Feature | April 09, 2007 | Rick Dana Barlow

ASCs, Hospitals Detour the Road Less Traveled

If you risk nothing, then you risk everything. - Geena Davis

As another presidential campaign ramps up to be in full swing by the fall, healthcare promises to be a bellwether issue – a litmus test, if you will – for whomever is chosen to occupy the White House next.
While candidates swirl around several overarching issues, such as universal access and escalating costs, they aren’t really honing in on any of the undercurrent issues fueling the problems being promoted for public consumption.
One primary undercurrent is the competitive and political infighting between hospitals, ambulatory surgery centers and their upstart cousins, physician-owned specialty surgical hospitals, the latter of which reignited the rift between hospital-based and outpatient-oriented service lines.
How ignorant and sad that any workable solutions to all that ails the healthcare industry are being slowed, if not slighted, by something so petty as competition. Arguably, hospitals are in a tough spot. They have to treat everybody, regardless of condition or ability to pay, and figure out how to remain in business for themselves and the common good. In the past, hospitals battled doctors for control over most decisions, leading to the creation of an administrative and largely inefficient juggernaut to waste resources. That led to the Great Power Shift of the 1980s, when insurance companies and payers swooped in to assume control under the banner of managed care.
Certainly, with the bean counters in charge nothing much in the way of process and progress has changed. Just the new players benefiting at the expense of the rest.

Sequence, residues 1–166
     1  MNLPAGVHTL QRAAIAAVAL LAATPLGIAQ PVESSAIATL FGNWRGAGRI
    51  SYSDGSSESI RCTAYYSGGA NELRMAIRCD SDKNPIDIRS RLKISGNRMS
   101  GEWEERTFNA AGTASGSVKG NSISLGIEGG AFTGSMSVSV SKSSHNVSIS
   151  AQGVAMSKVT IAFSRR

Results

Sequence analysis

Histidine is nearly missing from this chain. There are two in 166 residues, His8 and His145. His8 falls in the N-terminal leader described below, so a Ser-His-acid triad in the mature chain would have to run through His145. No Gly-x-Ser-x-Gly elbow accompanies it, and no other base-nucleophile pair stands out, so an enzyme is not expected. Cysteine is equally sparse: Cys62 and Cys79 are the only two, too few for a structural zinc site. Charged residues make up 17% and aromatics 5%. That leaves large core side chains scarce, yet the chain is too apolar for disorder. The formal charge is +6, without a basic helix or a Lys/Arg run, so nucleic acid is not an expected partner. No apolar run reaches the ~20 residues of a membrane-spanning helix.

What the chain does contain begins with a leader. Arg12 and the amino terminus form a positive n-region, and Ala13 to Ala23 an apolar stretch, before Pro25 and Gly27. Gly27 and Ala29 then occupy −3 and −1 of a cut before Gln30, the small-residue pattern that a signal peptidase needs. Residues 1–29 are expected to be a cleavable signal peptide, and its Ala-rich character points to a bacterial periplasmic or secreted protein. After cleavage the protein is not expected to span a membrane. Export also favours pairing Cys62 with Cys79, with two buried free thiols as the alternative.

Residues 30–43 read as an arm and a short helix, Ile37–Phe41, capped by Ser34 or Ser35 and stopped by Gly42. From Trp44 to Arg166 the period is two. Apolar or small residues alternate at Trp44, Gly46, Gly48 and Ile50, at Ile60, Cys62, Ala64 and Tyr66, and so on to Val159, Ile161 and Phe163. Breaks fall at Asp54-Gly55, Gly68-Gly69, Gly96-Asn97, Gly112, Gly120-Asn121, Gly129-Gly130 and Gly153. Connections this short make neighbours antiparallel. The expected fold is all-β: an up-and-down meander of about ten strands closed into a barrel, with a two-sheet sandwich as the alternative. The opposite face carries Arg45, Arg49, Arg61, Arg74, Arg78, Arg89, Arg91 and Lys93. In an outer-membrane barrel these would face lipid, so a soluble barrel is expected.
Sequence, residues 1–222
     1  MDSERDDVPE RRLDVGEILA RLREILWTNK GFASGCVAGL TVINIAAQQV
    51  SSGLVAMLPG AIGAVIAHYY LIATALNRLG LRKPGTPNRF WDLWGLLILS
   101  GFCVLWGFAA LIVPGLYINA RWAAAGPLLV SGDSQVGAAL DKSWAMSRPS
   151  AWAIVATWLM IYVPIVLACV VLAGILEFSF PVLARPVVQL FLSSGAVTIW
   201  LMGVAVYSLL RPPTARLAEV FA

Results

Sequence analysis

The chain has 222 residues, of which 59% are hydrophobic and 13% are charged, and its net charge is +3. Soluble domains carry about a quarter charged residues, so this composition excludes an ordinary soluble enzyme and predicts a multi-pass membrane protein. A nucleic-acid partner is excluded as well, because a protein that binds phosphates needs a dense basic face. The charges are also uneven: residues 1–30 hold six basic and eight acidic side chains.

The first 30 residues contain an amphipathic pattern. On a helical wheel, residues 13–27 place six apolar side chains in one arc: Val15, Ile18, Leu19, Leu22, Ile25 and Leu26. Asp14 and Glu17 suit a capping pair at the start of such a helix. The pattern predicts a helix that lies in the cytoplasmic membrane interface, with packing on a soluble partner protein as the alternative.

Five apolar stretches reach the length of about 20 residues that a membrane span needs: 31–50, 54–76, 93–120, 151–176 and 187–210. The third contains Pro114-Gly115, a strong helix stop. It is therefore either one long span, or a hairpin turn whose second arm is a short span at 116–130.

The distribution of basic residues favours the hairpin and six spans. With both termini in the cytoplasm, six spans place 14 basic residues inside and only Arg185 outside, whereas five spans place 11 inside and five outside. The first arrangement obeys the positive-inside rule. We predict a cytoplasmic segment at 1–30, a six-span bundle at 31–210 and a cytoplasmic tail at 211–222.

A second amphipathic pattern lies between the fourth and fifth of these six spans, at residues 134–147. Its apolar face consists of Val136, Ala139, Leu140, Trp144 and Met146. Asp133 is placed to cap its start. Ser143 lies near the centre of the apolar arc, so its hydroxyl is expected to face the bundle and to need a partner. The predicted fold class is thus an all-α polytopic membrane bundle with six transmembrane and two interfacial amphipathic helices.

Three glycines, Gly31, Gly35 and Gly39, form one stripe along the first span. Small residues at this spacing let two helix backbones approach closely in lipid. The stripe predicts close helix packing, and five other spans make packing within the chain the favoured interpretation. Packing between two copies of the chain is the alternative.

That’s why it rings hollow when hospitals resurrect their simmering feud with ASCs (from the early 1970s), courtesy of the new physician-owned surgical hospitals allegedly usurping all of the lucrative patients that general hospitals liked to drain to feed the bureaucratic beast, that black hole of wasteful spending.
How tragic, simple-minded and short-sighted healthcare industry players are for turning on themselves in a desperate, last-ditch, 11th-hour effort to eliminate combatants in a perceived survival of the fittest. Healthcare can’t afford this. Neither can its customers. Like it or not, ASCs, physician-owned hospitals and general hospitals are in the same business – caring for patients and ultimately saving lives.
ASCs and physician-owned hospitals may be nimbler with more freedom to act quickly and decisively, unencumbered by all the stuff hospitals face (which is why doctors created them in the first place – not necessarily to get rich), but all too frequently hospitals use that as a bludgeon.
Like it or not, ASCs and physician-owned hospitals are on the leading edge of healthcare reform, models of efficiency and sources of surgical pride. In this edition of Outpatient Care Technology, we highlight only a few of the thousands of ASCs that succeed.
What’s frustrating is that instead of emulating (as best as possible) how these facilities operate, hospitals rather would attack them. Obviously, cleaning up their acts is not an option, leaving ASCs to continually concentrate on defending themselves instead of working with hospitals. Perhaps it’s easier to eliminate the destination than to alter course. The tonic? Certain healthcare players need a dose of Robert Frost.
Whatever you do, mean business.

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